In a recent interview with The Washington Post, The Last of Us creator Neil Druckmann revealed that he is not only a fan of Elden Ring but that his time with that game (and other titles) may have inspired him to tweak his own approach to video game storytelling.
“I’m intrigued by stuff like Elden Ring and Inside that doesn’t rely as much on traditional narrative,” Druckmann says. “Some of it is in cinematics, but a lot of [the storytelling] is in gameplay, moving around the space, and understanding the history of that space…to me, some of the best joy I get right now is out of the games that trust their audience to figure things out and that don’t hold their hand. That’s the stuff I’m really intrigued by going forward.”
Shortly thereafter, Druckmann seemingly directly addresses Naughty Dog/The Last of Us fans by clarifying that his statements shouldn’t be taken to mean that his future games won’t use “dialog or cutscenes,” which he describes as “tools in your toolbox.” Instead, he suggests that he’s more interested in using additional tools like “found notes and environmental storytelling” to expand Naughty Dog’s storytelling repertoire.
“I’m really intrigued by never resting on our laurels and trying something a little bit new or a bit different,” Druckmann states. “Not everyone is going to like [it], but that’s ok.”
Interestingly, Druckmann wraps up that thought by briefly referencing the “different projects” that Naughty Dog is working on. Not to read too much into this, but it almost seems like he cuts himself off slightly before revealing a bit too much about what Naughty Dog is working on. Most people suspect the studio is developing a Last of Us multiplayer project and will almost certainly release The Last of Us Part 3 at some point, but it’s not clear if there is another game that Druckmann is referring to when he uses plurals such as “teams” and “projects.”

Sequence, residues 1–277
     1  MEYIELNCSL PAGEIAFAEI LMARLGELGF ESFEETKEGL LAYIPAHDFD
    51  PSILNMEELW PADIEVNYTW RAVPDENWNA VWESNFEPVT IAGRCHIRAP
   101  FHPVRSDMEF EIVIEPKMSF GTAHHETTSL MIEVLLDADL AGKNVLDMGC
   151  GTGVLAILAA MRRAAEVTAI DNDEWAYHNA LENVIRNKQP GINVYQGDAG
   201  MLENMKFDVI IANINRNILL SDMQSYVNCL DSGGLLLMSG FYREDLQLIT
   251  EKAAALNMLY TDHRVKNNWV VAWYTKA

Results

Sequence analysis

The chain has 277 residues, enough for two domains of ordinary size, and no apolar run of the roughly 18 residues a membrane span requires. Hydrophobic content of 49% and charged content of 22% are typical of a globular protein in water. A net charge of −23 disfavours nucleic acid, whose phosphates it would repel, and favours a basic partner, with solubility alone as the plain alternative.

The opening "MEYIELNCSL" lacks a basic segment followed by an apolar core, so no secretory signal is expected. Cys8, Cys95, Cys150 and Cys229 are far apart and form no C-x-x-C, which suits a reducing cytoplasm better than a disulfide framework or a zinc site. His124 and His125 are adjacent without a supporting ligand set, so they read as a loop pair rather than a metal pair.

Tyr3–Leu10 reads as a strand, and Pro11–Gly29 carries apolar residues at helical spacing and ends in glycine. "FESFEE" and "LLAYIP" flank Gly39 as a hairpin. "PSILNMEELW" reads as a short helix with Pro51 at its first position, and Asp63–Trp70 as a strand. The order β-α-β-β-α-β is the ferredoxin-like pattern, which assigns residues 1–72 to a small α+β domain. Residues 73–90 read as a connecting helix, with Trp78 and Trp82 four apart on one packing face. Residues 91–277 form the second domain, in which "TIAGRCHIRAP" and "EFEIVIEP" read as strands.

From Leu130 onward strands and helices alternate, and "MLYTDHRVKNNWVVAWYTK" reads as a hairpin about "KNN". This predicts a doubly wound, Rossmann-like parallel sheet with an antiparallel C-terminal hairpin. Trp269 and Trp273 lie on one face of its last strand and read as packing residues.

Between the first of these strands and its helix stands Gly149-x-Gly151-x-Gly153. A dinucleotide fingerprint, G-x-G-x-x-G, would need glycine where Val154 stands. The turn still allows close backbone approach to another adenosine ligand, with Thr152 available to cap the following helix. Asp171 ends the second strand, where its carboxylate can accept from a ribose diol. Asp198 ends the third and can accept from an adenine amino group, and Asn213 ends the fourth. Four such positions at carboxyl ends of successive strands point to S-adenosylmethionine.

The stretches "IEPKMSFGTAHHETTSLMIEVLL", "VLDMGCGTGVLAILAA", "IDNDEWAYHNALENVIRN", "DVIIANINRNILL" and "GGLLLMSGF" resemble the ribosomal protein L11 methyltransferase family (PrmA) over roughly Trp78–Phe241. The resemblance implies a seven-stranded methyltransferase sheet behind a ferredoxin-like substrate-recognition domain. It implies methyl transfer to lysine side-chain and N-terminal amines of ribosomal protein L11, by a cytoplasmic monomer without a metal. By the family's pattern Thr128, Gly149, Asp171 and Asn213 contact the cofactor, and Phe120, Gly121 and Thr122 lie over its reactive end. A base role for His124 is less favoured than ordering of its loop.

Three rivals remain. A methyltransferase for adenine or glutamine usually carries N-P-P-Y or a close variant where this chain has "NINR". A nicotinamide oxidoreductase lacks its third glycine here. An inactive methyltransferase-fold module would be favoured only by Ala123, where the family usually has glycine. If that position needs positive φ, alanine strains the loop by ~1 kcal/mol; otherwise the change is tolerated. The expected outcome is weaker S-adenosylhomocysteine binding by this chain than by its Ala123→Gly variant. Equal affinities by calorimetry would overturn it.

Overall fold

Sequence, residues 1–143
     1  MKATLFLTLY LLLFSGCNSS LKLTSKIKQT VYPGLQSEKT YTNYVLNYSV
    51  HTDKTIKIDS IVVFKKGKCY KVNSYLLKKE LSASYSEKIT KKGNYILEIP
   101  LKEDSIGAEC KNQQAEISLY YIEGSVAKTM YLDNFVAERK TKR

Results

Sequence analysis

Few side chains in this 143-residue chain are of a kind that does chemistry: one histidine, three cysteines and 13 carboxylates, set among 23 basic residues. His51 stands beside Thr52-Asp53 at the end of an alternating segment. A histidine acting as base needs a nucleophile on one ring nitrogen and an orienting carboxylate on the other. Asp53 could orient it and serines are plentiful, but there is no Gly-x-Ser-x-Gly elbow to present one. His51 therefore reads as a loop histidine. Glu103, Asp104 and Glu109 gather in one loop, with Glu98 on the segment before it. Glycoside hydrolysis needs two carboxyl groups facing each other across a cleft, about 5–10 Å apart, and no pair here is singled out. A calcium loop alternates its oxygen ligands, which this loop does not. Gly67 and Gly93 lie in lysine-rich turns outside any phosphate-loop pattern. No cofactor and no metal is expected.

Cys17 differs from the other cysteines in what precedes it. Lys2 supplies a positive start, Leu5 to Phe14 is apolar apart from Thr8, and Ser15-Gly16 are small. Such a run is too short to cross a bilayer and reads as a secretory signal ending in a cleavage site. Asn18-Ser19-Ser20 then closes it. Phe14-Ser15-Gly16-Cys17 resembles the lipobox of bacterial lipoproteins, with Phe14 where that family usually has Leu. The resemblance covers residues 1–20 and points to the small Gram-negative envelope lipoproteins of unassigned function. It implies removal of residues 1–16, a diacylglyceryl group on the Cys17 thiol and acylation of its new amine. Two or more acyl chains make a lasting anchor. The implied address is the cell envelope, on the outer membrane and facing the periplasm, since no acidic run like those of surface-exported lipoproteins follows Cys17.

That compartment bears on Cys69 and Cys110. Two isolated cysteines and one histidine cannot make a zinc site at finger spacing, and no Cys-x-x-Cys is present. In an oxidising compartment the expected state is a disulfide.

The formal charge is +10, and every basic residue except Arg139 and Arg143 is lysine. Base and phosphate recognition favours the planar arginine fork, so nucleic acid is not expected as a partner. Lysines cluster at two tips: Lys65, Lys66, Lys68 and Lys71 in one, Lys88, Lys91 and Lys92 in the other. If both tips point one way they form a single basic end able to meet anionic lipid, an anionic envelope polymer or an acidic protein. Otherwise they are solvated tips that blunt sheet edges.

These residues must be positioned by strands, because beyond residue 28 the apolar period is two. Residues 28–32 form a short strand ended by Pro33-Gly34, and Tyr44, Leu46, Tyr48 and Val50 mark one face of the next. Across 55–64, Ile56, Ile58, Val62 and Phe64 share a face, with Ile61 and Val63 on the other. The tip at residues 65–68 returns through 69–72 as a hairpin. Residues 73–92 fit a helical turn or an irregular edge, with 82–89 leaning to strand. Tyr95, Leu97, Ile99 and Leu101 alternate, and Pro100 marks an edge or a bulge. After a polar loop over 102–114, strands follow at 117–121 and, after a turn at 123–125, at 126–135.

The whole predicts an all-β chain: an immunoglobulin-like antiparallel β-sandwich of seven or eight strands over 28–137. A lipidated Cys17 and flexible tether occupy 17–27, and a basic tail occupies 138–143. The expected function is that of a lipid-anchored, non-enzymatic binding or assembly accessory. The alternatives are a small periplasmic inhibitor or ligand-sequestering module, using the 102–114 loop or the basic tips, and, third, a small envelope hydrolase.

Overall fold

Regardless, it’s always interesting to hear creators talk about other creators’ projects, especially when those projects are as different as The Last of Us and Elden Ring. After all, The Last of Us is seen as perhaps the most notable example of cinematic storytelling in a video game (as evidenced by the HBO adaptation’s already widespread acclaim). Elden Ring, meanwhile, is generally considered to be a brilliant example of the kind of minimalist and obtuse storytelling that Druckmann references. They’re two wildly different flavors of video game storytelling that both taste pretty great.
That said, I do have to say that I’m personally pretty encouraged to hear Druckmann reference Elden Ring in this manner. I love both Last of Us games, but I do feel like Part 2 struggled under the weight of its narrative ambitions. That game occasionally got bogged down by its use of longer cutscenes, non-interactive segments, and other devices that seemingly attempted to convey a lot of information in ways that were sometimes a bit too blunt. In theory, a little more reliance on environmental storytelling and audience trust could help Naughty Dog refine their own storytelling techniques rather than uproot them.
It’s also funny to hear Druckmann directly reference Elden Ring given that Elden Ring recently beat The Last of Us Part 2‘s record for Game of the Year wins. It’s nice to know that two wildly different games such as those can achieve similar levels of acclaim, and it’s nice to think that the teams behind those games might learn a little from each other.